The “September Showdown” for the 34th America’s Cup begins this weekend. Oracle Team USA skipper Jimmy Spithill has cast his team as the underdog. Emirates Team New Zealand skipper Dean Barker says nothing less than victory will do. Such are the storylines for the defender and challenger with the biggest race of their lives set to begin Saturday.
“Anytime you’re the defender, there’s a target on your back,” said the 34-year-old Spithill. “The challengers get together and their goal is simple: They want to come out, knock you out and take the America’s Cup off you. No matter what games transpire on shore, to take the trophy you have to win on the water. That’s what we’re looking for, to get on the water and go racing.”
“I think both teams are ramping up to rip into it on Saturday,” said the 41-year-old Barker. “We’re very keen to get racing and I’m sure they are as well. It’s going to be a very, very interesting first weekend to try to get a feel for how the two boats shape up. Whether there are differences upwind, downwind, maneuvering, starting; all the different aspects we try to evaluate in house, that’ll all become reasonably apparent after the first four races.”
Spithill and Barker are familiar foes, having raced against each other for many years. And the two teams have long tenures in the America’s Cup arena: Emirates Team New Zealand can trace its genesis to the 1987 Cup off Fremantle, Western Australia. Oracle Team USA has been racing since the 2003 Cup in Auckland, New Zealand. Collectively they’ve won the America’s Cup three times with Oracle Team USA winning most recently in 2010 and Emirates Team New Zealand winning in 1995 and 2000.
The first race is scheduled to start at 1:15 pm PT on Saturday. It’s always a special day, one that’s eagerly anticipated by the fans, who are keen to see the two crews line up against each other. It’s also a day filled with anxiety for the teams. “Are we fast enough?” is the common thought for the racing sailors on the way to the start line. Each team, of course, has an idea, an inkling of what lies in store, but neither really knows what the other has up its sleeve.
That unknown is amplified in this Cup because of the new class of boat, the AC72. A development class, the AC72 features wing sails and hydrofoils that enable it to reach speeds in excess of 45 knots (52 mph/83 kph). Those speeds are previously unheard of in America’s Cup racing. Reliability has been an issue in the challengers’ racing, but that’s because it is a very complex boat. It shouldn’t be an issue for these teams. Oracle Team USA has logged more than 110 days on the water and today is the Kiwis’ 100th day sailing.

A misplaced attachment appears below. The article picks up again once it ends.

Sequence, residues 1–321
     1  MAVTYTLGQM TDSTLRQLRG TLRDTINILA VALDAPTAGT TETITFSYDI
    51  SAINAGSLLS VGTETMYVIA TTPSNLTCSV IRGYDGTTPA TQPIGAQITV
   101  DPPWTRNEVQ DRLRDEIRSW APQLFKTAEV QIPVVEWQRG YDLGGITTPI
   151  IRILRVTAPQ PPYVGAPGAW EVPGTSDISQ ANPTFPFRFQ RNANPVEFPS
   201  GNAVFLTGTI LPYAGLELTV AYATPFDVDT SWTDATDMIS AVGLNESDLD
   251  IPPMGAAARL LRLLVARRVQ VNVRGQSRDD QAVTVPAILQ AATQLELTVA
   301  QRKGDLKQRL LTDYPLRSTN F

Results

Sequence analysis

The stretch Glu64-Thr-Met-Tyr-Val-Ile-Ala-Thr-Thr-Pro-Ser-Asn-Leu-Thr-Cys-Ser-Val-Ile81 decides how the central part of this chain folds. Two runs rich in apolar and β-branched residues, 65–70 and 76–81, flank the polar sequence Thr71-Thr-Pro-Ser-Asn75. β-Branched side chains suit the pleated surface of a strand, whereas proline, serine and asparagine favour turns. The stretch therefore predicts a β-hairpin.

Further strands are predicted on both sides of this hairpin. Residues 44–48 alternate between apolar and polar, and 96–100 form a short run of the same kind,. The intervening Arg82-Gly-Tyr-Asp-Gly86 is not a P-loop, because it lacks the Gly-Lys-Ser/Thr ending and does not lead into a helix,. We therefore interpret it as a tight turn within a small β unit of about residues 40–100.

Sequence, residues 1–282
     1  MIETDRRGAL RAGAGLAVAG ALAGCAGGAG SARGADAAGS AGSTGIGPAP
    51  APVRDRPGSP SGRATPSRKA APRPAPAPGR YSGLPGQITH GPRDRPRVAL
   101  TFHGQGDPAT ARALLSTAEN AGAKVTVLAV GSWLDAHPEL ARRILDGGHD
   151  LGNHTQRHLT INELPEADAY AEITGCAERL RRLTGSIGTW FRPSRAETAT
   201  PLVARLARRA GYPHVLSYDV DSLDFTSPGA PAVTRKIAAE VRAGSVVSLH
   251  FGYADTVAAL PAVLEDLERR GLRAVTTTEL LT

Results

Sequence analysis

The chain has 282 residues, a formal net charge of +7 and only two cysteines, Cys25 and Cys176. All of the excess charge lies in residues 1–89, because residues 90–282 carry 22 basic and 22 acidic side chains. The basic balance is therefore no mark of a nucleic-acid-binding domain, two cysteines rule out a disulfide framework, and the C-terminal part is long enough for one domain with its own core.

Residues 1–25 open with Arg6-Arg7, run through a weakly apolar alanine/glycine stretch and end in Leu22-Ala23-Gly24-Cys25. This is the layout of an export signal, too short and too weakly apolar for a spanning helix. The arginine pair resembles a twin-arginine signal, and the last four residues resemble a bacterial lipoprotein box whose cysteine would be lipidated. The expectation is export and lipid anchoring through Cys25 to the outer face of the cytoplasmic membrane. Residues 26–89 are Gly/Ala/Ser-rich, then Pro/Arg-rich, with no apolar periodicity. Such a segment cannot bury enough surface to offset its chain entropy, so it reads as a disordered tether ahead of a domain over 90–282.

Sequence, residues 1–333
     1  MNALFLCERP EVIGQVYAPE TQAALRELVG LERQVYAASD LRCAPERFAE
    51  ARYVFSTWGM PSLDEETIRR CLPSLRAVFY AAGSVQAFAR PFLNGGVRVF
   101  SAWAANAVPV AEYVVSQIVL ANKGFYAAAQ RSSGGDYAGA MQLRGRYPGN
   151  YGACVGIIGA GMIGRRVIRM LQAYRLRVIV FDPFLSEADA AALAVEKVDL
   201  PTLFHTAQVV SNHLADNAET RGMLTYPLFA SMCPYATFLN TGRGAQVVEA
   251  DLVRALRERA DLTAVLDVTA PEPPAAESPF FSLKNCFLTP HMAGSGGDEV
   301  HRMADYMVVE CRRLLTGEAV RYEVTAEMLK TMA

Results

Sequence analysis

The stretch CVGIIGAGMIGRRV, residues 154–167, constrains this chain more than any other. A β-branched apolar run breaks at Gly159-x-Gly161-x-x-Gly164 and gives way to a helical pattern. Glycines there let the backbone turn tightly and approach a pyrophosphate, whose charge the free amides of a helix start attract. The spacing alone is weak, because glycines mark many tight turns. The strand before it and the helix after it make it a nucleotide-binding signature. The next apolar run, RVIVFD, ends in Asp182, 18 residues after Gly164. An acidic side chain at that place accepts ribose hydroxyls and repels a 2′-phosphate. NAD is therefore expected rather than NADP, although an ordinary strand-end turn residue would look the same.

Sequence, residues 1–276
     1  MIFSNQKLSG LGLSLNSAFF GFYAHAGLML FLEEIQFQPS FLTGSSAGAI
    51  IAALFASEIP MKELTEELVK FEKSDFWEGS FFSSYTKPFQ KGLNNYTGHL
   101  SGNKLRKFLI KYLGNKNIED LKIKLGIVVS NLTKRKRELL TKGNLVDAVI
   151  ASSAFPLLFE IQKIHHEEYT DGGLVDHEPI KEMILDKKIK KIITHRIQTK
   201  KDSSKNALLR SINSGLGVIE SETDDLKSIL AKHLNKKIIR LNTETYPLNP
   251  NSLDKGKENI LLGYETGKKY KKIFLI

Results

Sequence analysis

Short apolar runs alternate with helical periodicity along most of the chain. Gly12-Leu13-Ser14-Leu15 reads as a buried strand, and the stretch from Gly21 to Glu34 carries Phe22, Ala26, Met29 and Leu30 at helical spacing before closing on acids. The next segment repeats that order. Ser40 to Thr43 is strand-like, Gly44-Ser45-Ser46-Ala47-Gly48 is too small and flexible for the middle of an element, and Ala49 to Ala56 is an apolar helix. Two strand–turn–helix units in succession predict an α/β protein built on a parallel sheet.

“I think the development of both teams’ boats has effectively come to the pointy end of the spear,” said Emirates Team New Zealand wing trimmer Glenn Ashby. “We’ve come from one direction, they’ve come from another, but foil wise, aerodynamically, both boats are quite evenly matched, and I think the sailing teams are evenly matched as well.”
Oracle Team USA may or may not be an underdog, but Spithill does have in his crew one of the most experienced sailors to ever race on San Francisco Bay, tactician John Kostecki. Kostecki estimates he’s raced on the Bay for more than 45 years, and labels it one of the best sailing venues in the world.
“It’s fantastic to have the America’s Cup here on the waters where I grew up sailing,” said Kostecki. “It’s an incredible venue – great seabreezes, tricky course conditions with currents changing every day, the winds change every day, and you can view the course from all over the Bay area. So for me personally, it’s one of the best venues in the world for this type of event.”
In the U.S., the America’s Cup Finals will be broadcast live on NBC and NBC Sports Network. Replays will be available on the America’s Cup YouTube channel. Saturday’s and Sunday’s racing will be broadcast live nationally on NBC, from 1:00 to 3:00 pm PT.
Internationally, the America’s Cup Final can be viewed in more than 170 territories. All racing is also live on America’s Cup YouTube channel. (subject to territorial restrictions).
You can also follow racing with America’s Cup App for android and iOS devices.
The winner of the 34th America’s Cup will be the first to win 9 points. For the Kiwis that means nine race wins and for Oracle Team USA it means 11, due to a penalty imposed by the International Jury. Racing is scheduled for Saturdays, Sundays, Tuesdays and Thursdays, with two races per day scheduled to start at 1:15 and 2:15 pm PT.